“Ridiculous,” Javier murmured under his breath as he reached out to her. Before she could react, he pulled her close, tucking her right shoulder under his arm and pressing her solidly against his chest. He gently brushed her cheek with his fingertips, the way one might soothe a skittish child. Up until that moment, Georgie had only pretended to faint; now she actually felt light-headed.

“Are you okay, mi cariño?” His words played to the driver, but they felt genuine enough to her.

She looked up. This close, she could see honey-colored circles in his brown irises. They looked like rings on a tree. Did she see in them the same fire she felt, or was this a part of the show?

Gently Javier tilted her chin up, his lips now inches away. No one had ever tried to kiss her, not even Archie–his amorous attentions had all been by pen. She thought about resisting, but that was all it was, a thought. Javier’s breath was clean. Only the smallest bite of scotch lingered from lunch. Given her past, Georgie had never believed alcohol could be an aphrodisiac, but on this man the crisp scent was provocative. He smelled of confidence and power, yet his lips looked surprisingly soft—

Under the Sugar Sun

Ha ha, I think I’m going to leave it there. You’re welcome.

Lessons of Empire in 30 Minutes or Less…Guaranteed!*

In French, the word histoire can mean either a chronicle of the past or a fresh fictional tale—and, as a historical romance author, I love that flexibility. No matter whether I am writing my Sugar Sun series or the actual history of the Spanish-American and Philippine-American Wars, I embrace the story behind the events.

There is good reason for this. My day job for the last twenty years has been teaching history to intelligent, discriminating teenagers. (Yes, such a beast exists, I am happy to report!) Like any good teacher, I strive to keep my presentation lively, informative, and seasoned with humor. Sometimes that humor comes in the shape of snark, but so it goes.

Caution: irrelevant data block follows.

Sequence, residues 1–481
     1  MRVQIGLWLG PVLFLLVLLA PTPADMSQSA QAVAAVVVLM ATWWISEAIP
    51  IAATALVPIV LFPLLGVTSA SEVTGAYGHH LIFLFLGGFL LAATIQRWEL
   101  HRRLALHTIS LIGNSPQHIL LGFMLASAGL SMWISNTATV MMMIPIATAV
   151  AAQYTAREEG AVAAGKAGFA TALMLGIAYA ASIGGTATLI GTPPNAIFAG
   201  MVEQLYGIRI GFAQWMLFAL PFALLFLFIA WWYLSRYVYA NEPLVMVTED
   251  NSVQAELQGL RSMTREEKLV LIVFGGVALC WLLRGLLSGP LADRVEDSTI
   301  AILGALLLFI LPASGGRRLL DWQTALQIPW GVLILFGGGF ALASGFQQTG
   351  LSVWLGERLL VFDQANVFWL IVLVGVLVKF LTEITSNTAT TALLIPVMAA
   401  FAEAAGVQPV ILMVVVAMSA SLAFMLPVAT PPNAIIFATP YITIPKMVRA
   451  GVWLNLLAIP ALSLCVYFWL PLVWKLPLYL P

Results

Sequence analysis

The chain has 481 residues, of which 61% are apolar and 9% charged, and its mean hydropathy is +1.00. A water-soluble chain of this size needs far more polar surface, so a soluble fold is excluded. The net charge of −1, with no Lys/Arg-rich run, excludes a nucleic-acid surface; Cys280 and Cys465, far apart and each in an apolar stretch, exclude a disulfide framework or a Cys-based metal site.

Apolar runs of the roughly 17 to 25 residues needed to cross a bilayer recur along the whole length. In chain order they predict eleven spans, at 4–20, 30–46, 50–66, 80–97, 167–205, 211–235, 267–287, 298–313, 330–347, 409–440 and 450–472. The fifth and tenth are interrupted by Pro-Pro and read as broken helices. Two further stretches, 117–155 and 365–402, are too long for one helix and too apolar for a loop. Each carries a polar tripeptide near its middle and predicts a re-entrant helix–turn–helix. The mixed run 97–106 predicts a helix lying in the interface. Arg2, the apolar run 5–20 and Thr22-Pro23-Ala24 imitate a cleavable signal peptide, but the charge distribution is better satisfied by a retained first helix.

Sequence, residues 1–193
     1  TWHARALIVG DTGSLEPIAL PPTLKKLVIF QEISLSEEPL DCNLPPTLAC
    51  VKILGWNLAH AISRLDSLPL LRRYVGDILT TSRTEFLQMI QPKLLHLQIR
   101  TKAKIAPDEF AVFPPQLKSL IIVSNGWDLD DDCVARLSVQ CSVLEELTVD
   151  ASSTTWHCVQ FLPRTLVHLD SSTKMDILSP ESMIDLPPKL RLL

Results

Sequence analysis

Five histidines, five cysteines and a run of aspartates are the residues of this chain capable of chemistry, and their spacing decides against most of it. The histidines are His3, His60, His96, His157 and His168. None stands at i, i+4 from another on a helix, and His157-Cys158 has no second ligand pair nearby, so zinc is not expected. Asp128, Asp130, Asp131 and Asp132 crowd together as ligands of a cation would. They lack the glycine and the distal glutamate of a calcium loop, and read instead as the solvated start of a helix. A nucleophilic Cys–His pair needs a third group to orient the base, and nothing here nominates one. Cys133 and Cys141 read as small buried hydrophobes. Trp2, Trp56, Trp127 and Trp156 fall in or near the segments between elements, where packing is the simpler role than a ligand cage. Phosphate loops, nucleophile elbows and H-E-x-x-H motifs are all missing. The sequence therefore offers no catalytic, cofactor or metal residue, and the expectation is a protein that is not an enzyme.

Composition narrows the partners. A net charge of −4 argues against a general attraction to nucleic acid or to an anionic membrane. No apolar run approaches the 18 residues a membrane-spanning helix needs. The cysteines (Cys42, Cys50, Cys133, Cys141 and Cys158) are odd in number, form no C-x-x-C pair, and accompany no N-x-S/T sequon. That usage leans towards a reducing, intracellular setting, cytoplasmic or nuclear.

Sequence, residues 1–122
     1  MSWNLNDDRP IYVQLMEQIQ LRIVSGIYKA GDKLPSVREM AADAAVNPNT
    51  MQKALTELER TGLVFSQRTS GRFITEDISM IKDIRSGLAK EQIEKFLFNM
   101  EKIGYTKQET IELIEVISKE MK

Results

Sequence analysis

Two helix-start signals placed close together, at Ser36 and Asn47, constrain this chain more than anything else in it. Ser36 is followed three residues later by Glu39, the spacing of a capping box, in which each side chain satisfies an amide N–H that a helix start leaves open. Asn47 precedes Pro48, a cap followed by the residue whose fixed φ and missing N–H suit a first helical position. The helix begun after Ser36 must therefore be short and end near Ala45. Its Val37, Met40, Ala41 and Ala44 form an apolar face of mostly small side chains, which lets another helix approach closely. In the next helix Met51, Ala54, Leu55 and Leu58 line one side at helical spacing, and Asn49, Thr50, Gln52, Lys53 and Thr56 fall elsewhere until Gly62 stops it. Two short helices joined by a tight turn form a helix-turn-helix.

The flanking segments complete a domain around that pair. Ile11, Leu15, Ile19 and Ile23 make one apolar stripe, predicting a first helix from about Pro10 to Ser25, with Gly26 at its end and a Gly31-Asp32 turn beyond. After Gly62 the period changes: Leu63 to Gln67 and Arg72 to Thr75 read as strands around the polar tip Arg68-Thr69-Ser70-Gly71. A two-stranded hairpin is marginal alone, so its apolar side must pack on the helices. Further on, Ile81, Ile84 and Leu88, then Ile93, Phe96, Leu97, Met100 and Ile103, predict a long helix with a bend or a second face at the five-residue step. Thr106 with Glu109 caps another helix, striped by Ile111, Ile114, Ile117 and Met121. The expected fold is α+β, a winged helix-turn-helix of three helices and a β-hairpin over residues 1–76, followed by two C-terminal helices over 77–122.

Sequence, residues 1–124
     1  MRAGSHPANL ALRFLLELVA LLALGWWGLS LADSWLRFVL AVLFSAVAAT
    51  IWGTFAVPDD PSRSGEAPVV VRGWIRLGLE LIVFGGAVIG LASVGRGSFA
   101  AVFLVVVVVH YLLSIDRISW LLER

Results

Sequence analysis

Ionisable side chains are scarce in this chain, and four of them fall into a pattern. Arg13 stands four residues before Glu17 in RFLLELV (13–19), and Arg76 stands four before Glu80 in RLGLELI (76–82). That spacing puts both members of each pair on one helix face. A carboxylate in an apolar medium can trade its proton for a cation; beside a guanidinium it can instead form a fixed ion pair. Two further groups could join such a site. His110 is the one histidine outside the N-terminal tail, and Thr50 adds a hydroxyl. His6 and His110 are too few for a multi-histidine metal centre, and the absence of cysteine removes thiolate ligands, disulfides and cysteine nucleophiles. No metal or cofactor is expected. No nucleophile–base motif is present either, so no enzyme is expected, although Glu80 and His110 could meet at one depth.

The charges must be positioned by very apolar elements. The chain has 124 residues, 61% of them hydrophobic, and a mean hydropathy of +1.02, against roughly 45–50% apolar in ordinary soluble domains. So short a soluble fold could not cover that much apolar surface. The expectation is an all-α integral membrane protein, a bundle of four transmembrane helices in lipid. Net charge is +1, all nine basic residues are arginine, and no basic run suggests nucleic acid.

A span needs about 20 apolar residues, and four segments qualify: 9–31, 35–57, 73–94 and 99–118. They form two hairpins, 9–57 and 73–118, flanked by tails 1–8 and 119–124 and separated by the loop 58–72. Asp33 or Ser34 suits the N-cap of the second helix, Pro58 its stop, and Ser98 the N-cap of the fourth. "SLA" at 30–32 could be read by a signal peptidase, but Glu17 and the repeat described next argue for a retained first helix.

And thanks to the indulgence of my employer, I am lucky enough to teach one of the few courses in the United States—at any level—devoted to just this era: American colonial rule in the Philippines. (It may be the only one. I don’t actually know.) And if I can teach this history to seventeen year olds, people, I can teach it to you.

The Americans in Manila, an early 20th century photograph.

Therefore, my next venture is to take this show on the road. I have put together a 30 minute presentation, complete with illustrations, on the history of American rule in the Philippines:

  • I will tell you why Americans came to the Philippines at the turn of the twentieth century, and how this endeavor fundamentally changed our role in the world—and launched some of our best known political and military figures, to boot.
  • I will tell you the good, bad, and ugly how of the Americans ruled—and why, despite it all, the Filipino-American friendship is still so strong today.